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Despite her duty as a member of the royal family, many forget that the Duchess is 74 years of age, which automatically made her more vulnerable to Covid when she contracted it shortly after her husband, Prince Charles, did at the beginning of the year. After testing positive for the virus, despite being triple vaccinated, oriental medicine and sinus congestion the Duchess initially suffered from no symptoms, but following a three-week battle trying to “shake off” the infection, the royal admitted that she was left battling some specific symptoms of long Covid.

“It’s taken three weeks and still can’t get shot of it,” Camilla exclaimed towards the end of March 2022.

It was reported at the time that the royal was left battling a slight cough following her Covid infection.

She added: “Probably my voice might suddenly go, and I might start coughing and spluttering.”

Taking some time to “pace herself” following testing positive, the Duchess was forced to cancel some royal engagements including an event connected to the Commonwealth Games.

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Speaking about the toll that firstly Covid then long Covid has had on the senior royal, newspaper editor Charlotte Griffiths spoke candidly about Camilla’s work ethic.

She said: “With Harry and Meghan leaving, it means there is a lot more work on her plate.

“She has a reputation for being worked harder and in recent years she’s worked her socks off. She does engagement after engagement.

“She’s got long Covid, it’s pretty bad actually and standing on your heels all day.

“Poor Camilla, she doesn’t have room to fall apart because it’s a relentless schedule and it’s a reminder of how hard the Queen has been working all these years.”

As of May 2022, the Office for National Statistics (ONS) estimated 1.8 million people in private households in the UK were experiencing self-reported long Covid. Since then, statistics have hit two million, with individuals experiencing symptoms for more than four weeks after the first Covid infection.

There are numerous symptoms that individuals can suffer from following Covid, but the NHS lists the following as the most common:

  • Extreme tiredness (fatigue)
  • Shortness of breath
  • Chest pain or tightness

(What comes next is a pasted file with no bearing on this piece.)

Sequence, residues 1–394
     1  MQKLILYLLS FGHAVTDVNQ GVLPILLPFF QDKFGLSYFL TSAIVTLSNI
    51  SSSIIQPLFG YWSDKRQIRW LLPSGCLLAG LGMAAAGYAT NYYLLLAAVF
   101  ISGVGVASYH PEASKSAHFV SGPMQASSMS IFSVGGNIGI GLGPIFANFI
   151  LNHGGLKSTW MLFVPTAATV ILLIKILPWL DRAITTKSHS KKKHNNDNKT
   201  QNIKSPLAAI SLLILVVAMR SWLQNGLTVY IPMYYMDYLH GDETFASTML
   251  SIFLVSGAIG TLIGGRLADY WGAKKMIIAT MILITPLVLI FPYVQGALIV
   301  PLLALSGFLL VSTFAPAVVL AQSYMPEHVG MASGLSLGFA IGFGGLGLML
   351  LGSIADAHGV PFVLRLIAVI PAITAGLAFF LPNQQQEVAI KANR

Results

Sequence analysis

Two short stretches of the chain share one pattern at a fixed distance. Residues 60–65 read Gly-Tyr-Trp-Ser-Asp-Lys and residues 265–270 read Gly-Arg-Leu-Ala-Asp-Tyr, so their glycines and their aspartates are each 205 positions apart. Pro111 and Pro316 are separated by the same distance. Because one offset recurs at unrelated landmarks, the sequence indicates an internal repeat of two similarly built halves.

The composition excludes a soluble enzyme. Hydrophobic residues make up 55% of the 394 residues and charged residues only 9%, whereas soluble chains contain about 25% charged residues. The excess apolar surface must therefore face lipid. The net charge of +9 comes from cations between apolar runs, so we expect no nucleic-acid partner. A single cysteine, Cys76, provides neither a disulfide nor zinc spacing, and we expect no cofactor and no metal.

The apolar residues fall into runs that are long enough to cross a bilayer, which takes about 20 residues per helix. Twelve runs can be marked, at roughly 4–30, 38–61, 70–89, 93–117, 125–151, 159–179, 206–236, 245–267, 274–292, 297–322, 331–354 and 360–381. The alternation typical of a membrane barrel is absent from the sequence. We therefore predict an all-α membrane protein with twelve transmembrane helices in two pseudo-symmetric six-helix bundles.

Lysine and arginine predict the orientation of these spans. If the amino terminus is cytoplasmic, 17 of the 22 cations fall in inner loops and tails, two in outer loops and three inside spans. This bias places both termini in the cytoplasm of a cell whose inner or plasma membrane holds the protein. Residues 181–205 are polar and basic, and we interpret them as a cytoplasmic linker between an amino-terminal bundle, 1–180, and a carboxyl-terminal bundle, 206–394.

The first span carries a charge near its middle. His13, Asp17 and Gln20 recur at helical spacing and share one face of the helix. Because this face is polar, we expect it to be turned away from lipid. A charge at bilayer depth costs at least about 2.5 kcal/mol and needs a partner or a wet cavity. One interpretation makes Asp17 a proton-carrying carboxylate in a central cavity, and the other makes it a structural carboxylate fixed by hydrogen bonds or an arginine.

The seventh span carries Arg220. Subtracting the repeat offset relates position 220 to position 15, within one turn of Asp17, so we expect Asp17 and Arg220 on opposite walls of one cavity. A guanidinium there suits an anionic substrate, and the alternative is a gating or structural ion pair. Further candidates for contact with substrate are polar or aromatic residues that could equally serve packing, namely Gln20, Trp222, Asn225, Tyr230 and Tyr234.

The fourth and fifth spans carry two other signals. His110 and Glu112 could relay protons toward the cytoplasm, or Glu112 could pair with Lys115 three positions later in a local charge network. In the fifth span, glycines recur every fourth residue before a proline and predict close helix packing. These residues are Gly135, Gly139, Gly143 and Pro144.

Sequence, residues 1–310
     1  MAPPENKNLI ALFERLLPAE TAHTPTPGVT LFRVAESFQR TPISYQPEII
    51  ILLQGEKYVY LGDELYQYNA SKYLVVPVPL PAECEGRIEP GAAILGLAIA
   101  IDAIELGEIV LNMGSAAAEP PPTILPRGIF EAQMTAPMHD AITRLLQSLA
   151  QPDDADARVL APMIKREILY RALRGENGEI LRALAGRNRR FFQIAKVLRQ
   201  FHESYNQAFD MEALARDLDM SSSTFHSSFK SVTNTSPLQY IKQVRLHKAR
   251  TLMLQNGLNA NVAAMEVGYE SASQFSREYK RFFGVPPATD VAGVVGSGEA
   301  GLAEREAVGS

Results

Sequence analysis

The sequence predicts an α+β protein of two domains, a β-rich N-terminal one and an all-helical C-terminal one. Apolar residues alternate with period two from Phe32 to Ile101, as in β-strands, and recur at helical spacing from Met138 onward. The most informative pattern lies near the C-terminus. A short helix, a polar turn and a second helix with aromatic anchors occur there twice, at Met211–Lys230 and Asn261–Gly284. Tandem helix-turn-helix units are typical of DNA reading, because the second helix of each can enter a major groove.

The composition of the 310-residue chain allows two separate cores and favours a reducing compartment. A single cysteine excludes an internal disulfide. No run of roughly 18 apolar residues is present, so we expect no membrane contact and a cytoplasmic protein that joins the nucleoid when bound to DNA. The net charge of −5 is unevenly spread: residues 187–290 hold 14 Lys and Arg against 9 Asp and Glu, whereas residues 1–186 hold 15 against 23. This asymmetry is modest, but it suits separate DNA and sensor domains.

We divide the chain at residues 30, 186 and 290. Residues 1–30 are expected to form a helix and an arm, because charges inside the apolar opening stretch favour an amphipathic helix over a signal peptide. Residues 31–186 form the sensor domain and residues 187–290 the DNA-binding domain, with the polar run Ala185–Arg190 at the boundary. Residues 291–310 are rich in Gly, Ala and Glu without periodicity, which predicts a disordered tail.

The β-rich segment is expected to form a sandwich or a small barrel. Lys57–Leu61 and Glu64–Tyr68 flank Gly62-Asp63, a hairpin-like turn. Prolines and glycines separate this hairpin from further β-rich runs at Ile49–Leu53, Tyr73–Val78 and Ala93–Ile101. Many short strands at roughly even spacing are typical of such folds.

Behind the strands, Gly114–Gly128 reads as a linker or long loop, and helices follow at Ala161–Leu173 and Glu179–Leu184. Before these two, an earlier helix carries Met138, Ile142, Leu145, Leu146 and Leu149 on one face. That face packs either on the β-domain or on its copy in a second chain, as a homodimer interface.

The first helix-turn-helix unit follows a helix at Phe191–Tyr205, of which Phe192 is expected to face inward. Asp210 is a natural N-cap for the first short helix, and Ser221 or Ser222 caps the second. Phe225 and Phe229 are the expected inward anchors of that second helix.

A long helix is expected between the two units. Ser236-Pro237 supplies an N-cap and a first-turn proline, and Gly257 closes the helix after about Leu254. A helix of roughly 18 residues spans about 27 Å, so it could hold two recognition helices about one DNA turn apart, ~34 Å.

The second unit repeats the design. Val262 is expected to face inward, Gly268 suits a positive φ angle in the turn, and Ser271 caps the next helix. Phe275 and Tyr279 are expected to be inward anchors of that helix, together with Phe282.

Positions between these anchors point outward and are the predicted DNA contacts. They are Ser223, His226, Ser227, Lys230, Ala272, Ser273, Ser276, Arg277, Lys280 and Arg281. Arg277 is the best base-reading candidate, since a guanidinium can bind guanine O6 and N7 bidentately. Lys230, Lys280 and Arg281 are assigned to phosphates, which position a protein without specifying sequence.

• Problems with memory and concentration (“brain fog”)
  • Difficulty sleeping (insomnia)
  • Heart palpitations
  • Dizziness
  • Pins and needles
  • Joint pain
  • Depression and anxiety
  • Tinnitus, earaches
  • Feeling sick, diarrhoea, stomach aches, loss of appetite
  • A high temperature, cough, headaches, sore throat, changes to sense of smell or taste
  • Rashes.

The chances of having long-term symptoms does not seem to be linked to how ill an individual is the first time they get Covid.

In fact, in the same way that people with Covid experience a range of symptoms that can vary from person to person, those with long Covid often report different complications arising from the chronic health issue.
Similarly to Camilla’s case, around 2.5 percent of individuals suffer from a persistent cough up to a year after suffering from Covid.

The NHS explains that infections similar to Covid can leave individuals with a lingering dry cough as their lungs are irritated. When something “foreign” is detected in the respiratory tract, a reflex is triggered to cause a cough, which should clear the irritant away. Despite this being an efficient protective mechanism, it is also one of the main ways in which Covid spreads from person to person.

GP Natash Yates, Assistant Professor, General Practice, Bond University wrote a piece back in March 2022 listing four main reasons as to why a cough persists following the infectious period of Covid.

These four reasons all involved inflammatory issues and included the following:

  • If the upper airways (nasal passages and sinuses) stay inflamed, the fluid produced drips down the back of your throat causing a “post-nasal drip”. This makes you feel the need to “clear your throat”, swallow and/or cough.

  • If the lungs and lower airways are affected, coughing is the body’s way of trying to clear the fluid and swelling it senses there. Sometimes there isn’t a lot of fluid (so the cough is “dry”), but the swelling of the lung tissue still triggers a cough.
  • The neural pathways may be where inflammation is lurking. This means the nervous system is involved, either centrally (the brain) and/or peripherally (nerves), and the cough isn’t primarily from the respiratory tissues themselves.
  • A less common but more serious cause may be the lung tissue being scarred from the inflammation, a condition called “interstitial lung disease”. This needs to be diagnosed and managed by respiratory specialists.

For those dramatically affected by long Covid, medical professionals may be able to give advice about how to manage and monitor symptoms.

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